Primary Motility  Disorders of the  Esophagus
 The Esophageal
 Mucosa
 The
 Esophagogastric  Junction
 Barrett's
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OESO©2015
 
Volume: The Esophagogastric Junction
Chapter: Esophageal columnar metaplasia (Barrett s esophagus)
 

What is the most frequent site of the stenosis?

J. Sarosiek, R.W. McCallum (Kansas City)

In this concise review we will focus only on strictures related to gastroesophageal reflux disease (GERD). Therefore, gastroesophageal reflux (GER) will remain as prerequisite for the formation of this type of esophageal stenosis. Endoscopically and radiologically stricture is a narrowing of the esophageal lumen resulting in inflammatory edema, scar formation, and secondarily induced esophageal spasm. Stricture represents, however, a spectrum of histological changes ranging from chronic mucosal damage (relentless reflux), restitution within the areas of epithelial damage (migration of epithelium), reconstitution of normal tissue architecture within some areas with adequately mobilized defensive regenerative capacity, and scar formation in the areas of excessive damage but inadequate protection. Therefore, in the late stage of stricture formation, edema, inflammatory cell infiltration, mucosal regeneration, destruction of muscularis mucosae (result of repeated dilatations), deposition of hyaline and fibrous tissue will be predominant.

It is still uncertain if the patients with stricture represent a selected GERD subpopulation with a unique pattern of motility disorders. Although some patients with esophageal stricture demonstrate an impairment in lower esophageal sphincter (LES) tone, abnormality in motility of the esophageal body, longer duration of gastroesophageal reflux symptomatology and older age, the pathomechanism of stricture formation is poorly understood [1-3]. In some patients with distally located stricture LES pressure and esophageal peristalsis could also be secondarily impaired promoting GER and delaying clearance of acid from the esophageal lumen but also making an assessment of the primary role of motility disorders in the development of stricture a formidable task, indeed. In general, stricture develops in patients with GER in the setting of Barrett's esophagus (BE) or within the esophageal mucosa not affected by intestinalization.

Although stricture may develop as a result of deep inflammatory changes accompanying esophageal ulcer, its frequency exceeds more than two times incidence of ulcers, therefore, in the majority of cases it seems to be related to chronic erosive inflammatory changes within the esophageal mucosa [4]. Stricture can be detected in approximately 10%-15% of patients with peptic esophagitis [1, 4]. Stricture most commonly is located within the transition region between the middle and distal thirds of the esophagus [4]. In the absence of BE esophageal strictures virtually always involve the distal esophagus [5]. If stricture develops in the setting of healed esophageal ulcer, its location and formation is strictly related to ulcer niche, narrowing the esophageal lumen, and represents clinical entity similar to gastric outlet obstruction in patients with chronic peptic ulcer.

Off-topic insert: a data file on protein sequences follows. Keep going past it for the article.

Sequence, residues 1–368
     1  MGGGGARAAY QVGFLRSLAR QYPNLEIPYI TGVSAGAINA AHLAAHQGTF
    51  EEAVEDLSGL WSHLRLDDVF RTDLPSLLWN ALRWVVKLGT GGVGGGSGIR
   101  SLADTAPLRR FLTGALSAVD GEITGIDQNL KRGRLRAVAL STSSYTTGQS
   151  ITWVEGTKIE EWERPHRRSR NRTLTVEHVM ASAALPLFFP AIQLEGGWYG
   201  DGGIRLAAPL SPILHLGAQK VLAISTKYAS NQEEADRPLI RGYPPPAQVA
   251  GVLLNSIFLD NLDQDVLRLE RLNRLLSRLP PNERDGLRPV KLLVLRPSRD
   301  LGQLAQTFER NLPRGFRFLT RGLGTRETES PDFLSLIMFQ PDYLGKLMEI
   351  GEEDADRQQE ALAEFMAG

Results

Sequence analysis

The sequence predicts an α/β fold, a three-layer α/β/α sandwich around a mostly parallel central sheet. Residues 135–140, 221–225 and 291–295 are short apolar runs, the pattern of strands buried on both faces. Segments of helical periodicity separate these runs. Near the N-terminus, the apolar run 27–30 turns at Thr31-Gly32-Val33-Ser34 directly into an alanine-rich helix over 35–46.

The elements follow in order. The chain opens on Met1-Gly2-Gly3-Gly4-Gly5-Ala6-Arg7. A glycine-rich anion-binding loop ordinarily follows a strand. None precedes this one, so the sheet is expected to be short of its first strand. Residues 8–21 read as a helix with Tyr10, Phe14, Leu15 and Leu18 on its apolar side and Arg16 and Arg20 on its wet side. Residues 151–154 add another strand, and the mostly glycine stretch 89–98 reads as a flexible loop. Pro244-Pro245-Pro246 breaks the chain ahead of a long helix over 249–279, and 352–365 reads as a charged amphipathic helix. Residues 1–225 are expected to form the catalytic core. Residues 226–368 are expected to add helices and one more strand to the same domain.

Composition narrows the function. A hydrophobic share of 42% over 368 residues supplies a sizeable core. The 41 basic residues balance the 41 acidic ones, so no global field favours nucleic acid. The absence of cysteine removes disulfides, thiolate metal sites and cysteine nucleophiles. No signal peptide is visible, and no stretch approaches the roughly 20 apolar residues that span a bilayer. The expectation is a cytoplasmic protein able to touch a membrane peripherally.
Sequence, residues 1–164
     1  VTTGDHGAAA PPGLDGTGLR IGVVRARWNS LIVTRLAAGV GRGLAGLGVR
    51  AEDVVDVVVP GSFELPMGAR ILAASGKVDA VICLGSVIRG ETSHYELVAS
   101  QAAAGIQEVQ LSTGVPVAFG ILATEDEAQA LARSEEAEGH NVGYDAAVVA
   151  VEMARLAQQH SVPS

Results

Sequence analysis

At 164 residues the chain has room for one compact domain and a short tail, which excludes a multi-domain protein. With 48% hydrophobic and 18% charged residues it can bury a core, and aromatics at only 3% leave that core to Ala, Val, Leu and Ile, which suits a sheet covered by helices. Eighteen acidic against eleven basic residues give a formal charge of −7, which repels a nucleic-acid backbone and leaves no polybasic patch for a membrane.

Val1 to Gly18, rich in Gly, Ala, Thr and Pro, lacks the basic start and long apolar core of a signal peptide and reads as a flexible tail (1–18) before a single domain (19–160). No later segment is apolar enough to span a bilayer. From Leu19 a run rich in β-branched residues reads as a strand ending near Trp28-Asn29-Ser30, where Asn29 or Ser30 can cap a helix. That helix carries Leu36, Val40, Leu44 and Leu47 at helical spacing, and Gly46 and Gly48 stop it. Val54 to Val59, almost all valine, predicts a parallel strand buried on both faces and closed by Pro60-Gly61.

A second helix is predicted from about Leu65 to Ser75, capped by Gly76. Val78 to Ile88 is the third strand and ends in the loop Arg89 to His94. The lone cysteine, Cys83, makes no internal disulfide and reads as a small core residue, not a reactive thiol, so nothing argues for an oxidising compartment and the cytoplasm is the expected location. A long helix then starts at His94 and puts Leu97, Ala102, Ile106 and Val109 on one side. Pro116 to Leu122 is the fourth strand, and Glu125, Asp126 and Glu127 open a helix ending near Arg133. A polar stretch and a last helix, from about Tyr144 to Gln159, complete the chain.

When BE is present formation of the stricture is determined by the length of the intestinalized segment of the esophageal mucosa as stricture location exhibits predilection to the areas of squamocolumnar junction. Stricture accompanying BE almost always is located above the segment covered by columnar epithelium at squamocolumnar junction indicative of higher susceptibility to the damage of squamous epithelium than the columnar mucosa by GER [4]. In general, Barrett's mucosa can be found in up to 44% of patients with esophageal stricture [5]. If stricture is complicated by ulcer, its architecture is losing a symmetry, prevailing even after healing of ulcer. In patients with short segment of BE and in patients with incomplete BE stricture tends to be located distally with a still great preponderance to squamocolumnar junction [4]. Rarely stricture may be located within the segment of the esophageal body covered with columnar epithelium. This may indicate that stricture formed at an early stage of BE development when squamocolumnar junction with severe erosive inflammatory changes was located where currently stricture is existing. Of interest, in majority of cases the segment covered with columnar epithelium does not have tendency, for some unknown reason, to migrate further than the border of the esophageal stricture.